Classic Physique Mr. Olympia Chris Bumstead / Instagram

Want to know about full body workouts? Buckle into your time machine and set it for 1950. TV is still a novelty. Doo-wop is the hottest music. And bodybuilders are training their entire physiques in every workout. This may sound ridiculously quaint, but weight-trainers then didn’t follow split routines. The break-it-up revolution occurred in the 1960s. Before then, greats like 1950 Mr. Universe Steve Reeves earned their Herculean builds while hitting every body part in every workout. Despite lacking modern nutritional and technological advantages, the legends of six decades ago still attained physiques that are admired today. They were the original classic physiques.

Let’s see why full body workouts worked then and how they can still work for you now.


So here we are in 1950, and 24-year-old Steve Reeves is toiling in a gym in Oakland, California, preparing to win the Mr. Universe. Reeves and his contemporaries focused on functional strength, decades before anyone called it that. You’ll see a lot of cleaning and overhead pressing and unique exercises like Jefferson squats (a favorite of Kai Greene today), free-weight hack squats, and pullover-and-presses for triceps. Routines consisted mostly of compound lifts.

full body workout
Steve Reeves and admirers

Let’s compare the physiques then with the those of now. Today’s best bodybuilders are, of course, much larger, especially when it comes to hamstrings, back density, and lower pecs. Those areas weren’t prioritized then. But, relatively speaking, 60 years ago there was a greater focus on overall proportionality—that Reeves-look that corresponds to today’s classic physique competitors like Chris Bumstead. In part, this came about via all those functional-strength and compound exercises. For example, Steve Reeves didn’t earn his famous shoulders with lateral raises. Instead, delts were worked thrice weekly via not just standing overhead presses but also by assisting in lifts like incline presses and barbell rows.

(For much more on Reeves’ workouts, check out: Steve Reeves and Shape Training)


In a full-body routine, you simply can’t exhaust each bodypart with 12-20 sets for that bodypart. If you tried, the workout might last eight hours. So you need to do sets that hit more than one bodypart. Deadlifts, for example, work many areas. In our routines, most of the exercises are compound. You’ll also need to push sets to failure. That’s the only shot you have at stimulating growth with such few sets per muscle. Also, never do the same exercises in consecutive workouts. So if you train on Monday, Wednesday, and Friday, do completely different exercises each day and then repeat the sequence the next week. This lets you incorporate greater variety and avoid strength plateaus.

The full body system stretches your workload for each bodypart over multiple days. So, if you do two or three full-body sessions per week, you can total as many weekly sets per bodypart as you would doing a typical split routine that hits each muscle only once weekly. And you’ll spend a lot less time going to the gym—which is the system’s greatest advantage. Full body isn’t an ideal long-term system for most advanced bodybuilders, but when used occasionally it is effective. You do less volume per bodypart in each workout and you do fewer overall workouts, but you also hit each bodypart more frequently. This unique stress can trigger growth. And the schedule can provide a revitalizing break from daily trips to the gym.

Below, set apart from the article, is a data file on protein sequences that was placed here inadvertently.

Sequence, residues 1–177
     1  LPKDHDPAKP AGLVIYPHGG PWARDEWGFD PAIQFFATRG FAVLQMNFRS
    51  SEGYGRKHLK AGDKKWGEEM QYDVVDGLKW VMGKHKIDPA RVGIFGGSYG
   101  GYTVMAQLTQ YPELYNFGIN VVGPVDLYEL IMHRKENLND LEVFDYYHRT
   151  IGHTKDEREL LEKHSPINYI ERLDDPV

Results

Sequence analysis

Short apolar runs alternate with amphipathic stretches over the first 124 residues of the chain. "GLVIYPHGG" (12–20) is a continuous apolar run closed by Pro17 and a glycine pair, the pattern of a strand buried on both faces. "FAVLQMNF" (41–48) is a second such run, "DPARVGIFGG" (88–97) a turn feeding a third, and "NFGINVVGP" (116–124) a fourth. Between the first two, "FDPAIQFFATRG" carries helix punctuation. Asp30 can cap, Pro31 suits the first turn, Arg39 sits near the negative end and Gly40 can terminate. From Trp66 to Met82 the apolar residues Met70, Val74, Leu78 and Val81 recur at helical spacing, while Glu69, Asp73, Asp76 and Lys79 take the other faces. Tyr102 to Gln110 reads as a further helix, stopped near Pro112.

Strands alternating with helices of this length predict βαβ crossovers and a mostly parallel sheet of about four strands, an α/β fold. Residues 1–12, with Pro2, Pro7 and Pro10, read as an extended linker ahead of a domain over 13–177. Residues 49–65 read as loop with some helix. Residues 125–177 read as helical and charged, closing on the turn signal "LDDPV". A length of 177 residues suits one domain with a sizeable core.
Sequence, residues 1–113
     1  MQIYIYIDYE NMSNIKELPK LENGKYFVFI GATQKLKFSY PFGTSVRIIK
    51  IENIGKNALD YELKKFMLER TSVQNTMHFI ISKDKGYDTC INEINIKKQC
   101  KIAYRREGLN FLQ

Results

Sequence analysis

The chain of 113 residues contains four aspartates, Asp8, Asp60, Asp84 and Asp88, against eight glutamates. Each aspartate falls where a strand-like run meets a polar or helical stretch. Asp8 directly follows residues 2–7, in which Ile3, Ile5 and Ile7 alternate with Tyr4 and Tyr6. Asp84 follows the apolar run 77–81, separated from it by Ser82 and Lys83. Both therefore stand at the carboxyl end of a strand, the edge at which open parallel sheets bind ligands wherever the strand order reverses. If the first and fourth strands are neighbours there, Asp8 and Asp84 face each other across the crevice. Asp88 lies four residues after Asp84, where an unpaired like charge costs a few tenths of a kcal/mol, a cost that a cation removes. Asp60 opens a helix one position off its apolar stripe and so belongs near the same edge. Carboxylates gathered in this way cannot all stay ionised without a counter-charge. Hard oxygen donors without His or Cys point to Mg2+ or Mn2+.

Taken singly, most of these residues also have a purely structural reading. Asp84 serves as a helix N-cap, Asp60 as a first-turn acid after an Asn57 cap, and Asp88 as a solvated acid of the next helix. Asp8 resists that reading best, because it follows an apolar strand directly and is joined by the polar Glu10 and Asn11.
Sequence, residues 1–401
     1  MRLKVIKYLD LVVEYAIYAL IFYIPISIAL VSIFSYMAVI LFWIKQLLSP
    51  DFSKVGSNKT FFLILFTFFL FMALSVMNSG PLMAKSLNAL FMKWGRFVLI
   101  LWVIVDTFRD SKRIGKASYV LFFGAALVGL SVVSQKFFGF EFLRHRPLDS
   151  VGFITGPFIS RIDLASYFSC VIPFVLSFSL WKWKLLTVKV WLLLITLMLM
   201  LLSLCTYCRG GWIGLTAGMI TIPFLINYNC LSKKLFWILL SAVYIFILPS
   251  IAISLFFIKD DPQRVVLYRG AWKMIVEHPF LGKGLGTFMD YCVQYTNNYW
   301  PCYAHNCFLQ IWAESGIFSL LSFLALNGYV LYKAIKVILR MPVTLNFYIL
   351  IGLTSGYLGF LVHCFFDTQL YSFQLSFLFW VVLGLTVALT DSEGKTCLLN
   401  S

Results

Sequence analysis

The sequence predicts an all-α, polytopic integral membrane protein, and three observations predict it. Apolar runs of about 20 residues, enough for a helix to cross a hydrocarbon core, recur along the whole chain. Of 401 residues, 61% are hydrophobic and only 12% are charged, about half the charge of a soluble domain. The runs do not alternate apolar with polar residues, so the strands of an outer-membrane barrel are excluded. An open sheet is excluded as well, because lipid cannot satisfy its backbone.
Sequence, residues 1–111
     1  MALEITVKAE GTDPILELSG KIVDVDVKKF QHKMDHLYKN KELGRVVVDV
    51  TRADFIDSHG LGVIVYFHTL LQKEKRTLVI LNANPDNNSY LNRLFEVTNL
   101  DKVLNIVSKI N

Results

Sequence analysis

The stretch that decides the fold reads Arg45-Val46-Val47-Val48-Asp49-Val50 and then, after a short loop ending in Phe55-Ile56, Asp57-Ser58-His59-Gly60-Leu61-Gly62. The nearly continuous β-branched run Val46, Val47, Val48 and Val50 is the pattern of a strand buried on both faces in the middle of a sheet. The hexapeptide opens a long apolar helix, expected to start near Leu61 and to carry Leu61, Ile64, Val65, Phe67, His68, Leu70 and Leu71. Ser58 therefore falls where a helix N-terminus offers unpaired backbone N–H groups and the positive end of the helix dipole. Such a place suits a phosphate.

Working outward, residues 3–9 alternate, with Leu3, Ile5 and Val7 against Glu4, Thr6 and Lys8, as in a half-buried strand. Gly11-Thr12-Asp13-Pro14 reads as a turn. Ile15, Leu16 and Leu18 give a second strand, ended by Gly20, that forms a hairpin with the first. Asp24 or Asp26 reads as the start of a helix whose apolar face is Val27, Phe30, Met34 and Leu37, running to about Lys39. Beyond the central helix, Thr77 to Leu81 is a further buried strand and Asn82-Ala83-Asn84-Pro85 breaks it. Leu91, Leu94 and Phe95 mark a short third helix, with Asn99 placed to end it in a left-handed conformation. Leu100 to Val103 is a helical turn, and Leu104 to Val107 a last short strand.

full body workout
Deadlifts are a great exercise for full body workouts. / Abdulrhman Alkady


✷ All bodyparts are trained in the same workout.

✷ Full body workouts are done twice or thrice weekly with at least 48 hours between workouts.

✷ Aim for 35-45 total sets per workout.

✷ Full body is an ideal beginner’s system.

✷ If you’re an advanced bodybuilder, do full body when time prevents you from performing your typical split, when returning from an extended layoff, or for occasional variety.


✷ Focus on compound exercises for larger body parts.

✷ Because so many diverse bodyparts are trained each session, staggered sets work well with full body workouts and can trim the overall gym time.

Supersets also cut down on the overall time.

Circuit training is another way to work the full body in less time by eliminating between-set rest.

✷ Impart variety in your full body workouts by doing different exercises in each weekly workout.


Each of our two full body workouts has 12 exercises, none of which repeat. Alternate these two workouts. For example, #1 on Monday and #2 on Thursday. If you train thrice weekly (for example, Monday-Wednesday-Friday), add a third routine with another dozen different exercises.


Squat — 4 sets x 8-12 reps

Deadlift 4 sets x 8-12 reps

Lying Leg Curl — 4 sets x 10-12 reps              

Barbell Incline Press — 3 sets x 8-12 reps

Dip 3 sets x 8-12 reps

Barbell Row 3 sets x 10-12 reps

Front Pulldown 3 sets x 10-12 reps

Dumbbell Shoulder Press — 4 sets x 10-12 reps

EZ-bar Curl — 4 sets x 10-12 reps

     superset with

Standing Calf Raise — 4 sets x 12-15 reps

Lying Triceps Extension — 4 sets x 10-12 reps

     superset with             

Knee Raise 4 sets x 12-15 reps


Leg Press — 4 sets x 8-12 reps

Stiff-leg Deadlift — 4 sets x 10-12 reps

Hack Squat 3 sets x 8-12 reps

Bench Press 4 sets x 8-12 reps

Pull-up 3 sets x 10-12 reps

T-bar Row 3 sets x 10-12 reps

Barbell Shoulder Press — 4 sets x 10-12 reps

Upright Row — 3 sets x 10-12 reps

Preacher Curl — 4 sets x 10-12 reps

     superset with

Seated Calf Raise — 4 sets x 12-15 reps

Pushdown — 4 sets x 10-12 reps

     superset with             

Machine Crunch 4 sets x 12-15 reps